Read the rest of this article at: RollingStone
When Salman Rushdie turned seventy-five, last summer, he had every reason to believe that he had outlasted the threat of assassination. A long time ago, on Valentine’s Day, 1989, Iran’s Supreme Leader, Ayatollah Ruhollah Khomeini, declared Rushdie’s novel “The Satanic Verses” blasphemous and issued a fatwa ordering the execution of its author and “all those involved in its publication.” Rushdie, a resident of London, spent the next decade in a fugitive existence, under constant police protection. But after settling in New York, in 2000, he lived freely, insistently unguarded. He refused to be terrorized.
There were times, though, when the lingering threat made itself apparent, and not merely on the lunatic reaches of the Internet. In 2012, during the annual autumn gathering of world leaders at the United Nations, I joined a small meeting of reporters with Mahmoud Ahmadinejad, the President of Iran, and I asked him if the multimillion-dollar bounty that an Iranian foundation had placed on Rushdie’s head had been rescinded. Ahmadinejad smiled with a glint of malice. “Salman Rushdie, where is he now?” he said. “There is no news of him. Is he in the United States? If he is in the U.S., you shouldn’t broadcast that, for his own safety.”
Within a year, Ahmadinejad was out of office and out of favor with the mullahs. Rushdie went on living as a free man. The years passed. He wrote book after book, taught, lectured, travelled, met with readers, married, divorced, and became a fixture in the city that was his adopted home. If he ever felt the need for some vestige of anonymity, he wore a baseball cap.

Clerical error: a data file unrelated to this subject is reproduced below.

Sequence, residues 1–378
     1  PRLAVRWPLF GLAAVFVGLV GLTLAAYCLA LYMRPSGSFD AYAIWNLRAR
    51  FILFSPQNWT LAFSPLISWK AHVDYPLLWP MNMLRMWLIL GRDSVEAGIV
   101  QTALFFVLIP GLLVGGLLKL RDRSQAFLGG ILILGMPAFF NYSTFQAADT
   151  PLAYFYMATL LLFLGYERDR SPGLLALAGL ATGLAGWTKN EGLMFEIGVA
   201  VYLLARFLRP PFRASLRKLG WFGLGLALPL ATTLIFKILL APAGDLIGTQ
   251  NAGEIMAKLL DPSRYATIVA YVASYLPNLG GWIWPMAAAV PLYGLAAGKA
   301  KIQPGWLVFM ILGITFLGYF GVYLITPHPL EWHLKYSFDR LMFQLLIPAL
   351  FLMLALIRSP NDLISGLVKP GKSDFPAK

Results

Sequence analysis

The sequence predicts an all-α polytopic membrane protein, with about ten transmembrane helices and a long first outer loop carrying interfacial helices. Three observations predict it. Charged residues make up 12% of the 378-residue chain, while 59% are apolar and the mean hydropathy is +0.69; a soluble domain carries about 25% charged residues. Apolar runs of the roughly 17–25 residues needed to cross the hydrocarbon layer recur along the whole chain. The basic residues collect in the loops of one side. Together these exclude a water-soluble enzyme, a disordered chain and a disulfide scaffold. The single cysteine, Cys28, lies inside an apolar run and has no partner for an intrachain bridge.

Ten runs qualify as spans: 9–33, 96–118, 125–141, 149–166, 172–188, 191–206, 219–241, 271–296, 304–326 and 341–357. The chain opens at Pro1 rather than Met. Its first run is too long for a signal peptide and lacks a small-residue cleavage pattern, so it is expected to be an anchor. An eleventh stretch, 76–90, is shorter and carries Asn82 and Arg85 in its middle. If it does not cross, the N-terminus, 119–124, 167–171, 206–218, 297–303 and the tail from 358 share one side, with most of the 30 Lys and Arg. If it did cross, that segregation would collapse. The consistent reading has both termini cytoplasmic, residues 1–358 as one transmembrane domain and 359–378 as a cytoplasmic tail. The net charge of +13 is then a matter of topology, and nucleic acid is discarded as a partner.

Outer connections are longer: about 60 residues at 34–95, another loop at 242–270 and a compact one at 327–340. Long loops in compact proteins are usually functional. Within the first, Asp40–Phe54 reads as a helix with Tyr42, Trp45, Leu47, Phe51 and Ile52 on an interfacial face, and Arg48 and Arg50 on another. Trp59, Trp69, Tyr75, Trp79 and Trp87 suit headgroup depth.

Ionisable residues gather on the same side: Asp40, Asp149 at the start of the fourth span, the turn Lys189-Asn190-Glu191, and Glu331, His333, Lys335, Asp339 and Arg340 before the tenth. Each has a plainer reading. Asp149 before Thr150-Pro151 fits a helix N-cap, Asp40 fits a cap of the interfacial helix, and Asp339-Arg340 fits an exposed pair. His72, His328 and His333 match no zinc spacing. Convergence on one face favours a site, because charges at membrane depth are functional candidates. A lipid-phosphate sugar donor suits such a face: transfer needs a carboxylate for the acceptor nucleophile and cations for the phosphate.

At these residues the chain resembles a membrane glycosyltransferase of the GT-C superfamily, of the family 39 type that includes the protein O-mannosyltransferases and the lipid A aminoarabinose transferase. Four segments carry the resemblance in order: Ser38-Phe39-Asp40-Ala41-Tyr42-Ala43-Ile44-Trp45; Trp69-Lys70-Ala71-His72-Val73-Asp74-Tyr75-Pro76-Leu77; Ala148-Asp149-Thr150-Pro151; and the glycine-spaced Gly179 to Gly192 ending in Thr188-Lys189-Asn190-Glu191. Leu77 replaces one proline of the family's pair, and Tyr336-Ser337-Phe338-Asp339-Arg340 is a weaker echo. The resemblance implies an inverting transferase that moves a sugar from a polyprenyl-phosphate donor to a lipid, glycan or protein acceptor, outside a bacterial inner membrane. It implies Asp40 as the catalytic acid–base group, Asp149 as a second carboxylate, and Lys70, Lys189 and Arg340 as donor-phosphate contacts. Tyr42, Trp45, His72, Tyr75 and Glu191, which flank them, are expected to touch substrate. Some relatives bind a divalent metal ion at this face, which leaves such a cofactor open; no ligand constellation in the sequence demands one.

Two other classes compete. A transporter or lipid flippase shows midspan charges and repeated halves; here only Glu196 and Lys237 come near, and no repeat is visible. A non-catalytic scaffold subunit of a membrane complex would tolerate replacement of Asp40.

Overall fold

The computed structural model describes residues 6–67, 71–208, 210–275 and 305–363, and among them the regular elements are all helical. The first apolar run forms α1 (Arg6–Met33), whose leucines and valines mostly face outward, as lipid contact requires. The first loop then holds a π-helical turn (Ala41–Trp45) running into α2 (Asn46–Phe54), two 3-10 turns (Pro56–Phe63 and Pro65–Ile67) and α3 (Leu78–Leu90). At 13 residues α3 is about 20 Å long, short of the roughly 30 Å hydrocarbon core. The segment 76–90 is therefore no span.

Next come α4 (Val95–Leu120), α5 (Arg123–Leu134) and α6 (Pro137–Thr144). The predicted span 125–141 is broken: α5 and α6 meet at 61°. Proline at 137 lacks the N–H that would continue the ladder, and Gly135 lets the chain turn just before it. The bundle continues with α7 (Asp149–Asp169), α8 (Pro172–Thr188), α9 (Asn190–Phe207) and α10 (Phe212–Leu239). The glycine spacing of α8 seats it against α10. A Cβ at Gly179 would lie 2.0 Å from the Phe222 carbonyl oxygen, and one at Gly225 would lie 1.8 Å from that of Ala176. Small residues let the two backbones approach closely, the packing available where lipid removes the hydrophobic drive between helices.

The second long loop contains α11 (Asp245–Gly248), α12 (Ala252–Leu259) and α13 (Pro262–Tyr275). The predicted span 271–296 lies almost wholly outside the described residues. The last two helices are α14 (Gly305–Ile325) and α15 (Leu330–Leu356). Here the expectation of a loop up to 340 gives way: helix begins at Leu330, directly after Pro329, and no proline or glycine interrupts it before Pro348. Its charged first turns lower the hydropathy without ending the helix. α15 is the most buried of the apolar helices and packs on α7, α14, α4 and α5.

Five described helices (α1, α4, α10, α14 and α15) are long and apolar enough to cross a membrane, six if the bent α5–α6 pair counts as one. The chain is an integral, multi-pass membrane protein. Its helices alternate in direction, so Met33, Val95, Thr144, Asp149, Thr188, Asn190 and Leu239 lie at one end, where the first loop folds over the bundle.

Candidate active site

Recalling his first few months in New York, Rushdie told me, “People were scared to be around me. I thought, The only way I can stop that is to behave as if I’m not scared. I have to show them there’s nothing to be scared about.” One night, he went out to dinner with Andrew Wylie, his agent and friend, at Nick & Toni’s, an extravagantly conspicuous restaurant in East Hampton. The painter Eric Fischl stopped by their table and said, “Shouldn’t we all be afraid and leave the restaurant?”
For a minute there, things looked grim for New York City landlords. The pandemic caused an exodus of such proportions that building owners were forced to cut rents to their lowest levels since the bad old days of 2011. But then a miracle happened. (Or at least one seemed to!) Not only did New York’s expats return; they came — in the eerily identical words of the real–estate industry and the credulous reporters who cover it — “flooding back.”
“What started as a trickle earlier last year has become like a geyser of demand,” exclaimed one broker in early 2022. Suddenly, there were lines around the block for open houses and bidding wars over unrenovated walk-ups. The vacancy rate in Manhattan fell below 2 percent, and median rent passed $4,000 for the first time. “I’m not exaggerating when I say that I’ve never seen the rental market as crazy as it is right now,” said another broker in July, right before prices went up again.
What could explain it? Even if all of New York’s deserters had soured on country living — like the publicist profiled by the New York Times who came crying back to Harlem after beavers flooded his yard in Saugerties — that still wouldn’t account for why there seemed to be fewer apartments available than before they’d left. Real-estate experts tried to identify factors that might be aggravating the shortage. Maybe the Fed was discouraging home sales with higher interest rates, so more people were renting. Or the couples that had split up during lockdown were separating and moving into all the one-bedrooms. Or single people had gotten claustrophobic and were spreading out into all the two-bedrooms. Or remote workers from other cities were coming to New York just because they felt like it.
Whatever the cause, the crunch left renters with two options: Pay through the nose or leave. Tenants who had scored pandemic discounts got renewal letters demanding double. Those seeking new places were advised to offer above asking price (i.e., “cuck money”) on apartments they hadn’t even seen in person but that nevertheless included outlandish broker fees and abased themselves accordingly. If they didn’t, they were told, plenty of other chumps would.
In other words, New York City — which in the first pandemic summer had been declared “dead forever” — was back! As long as you had not personally been ejected from your home, you might have even found it inspiring.
There was only one problem: None of it made any sense.
Read the rest of this article at: Curbed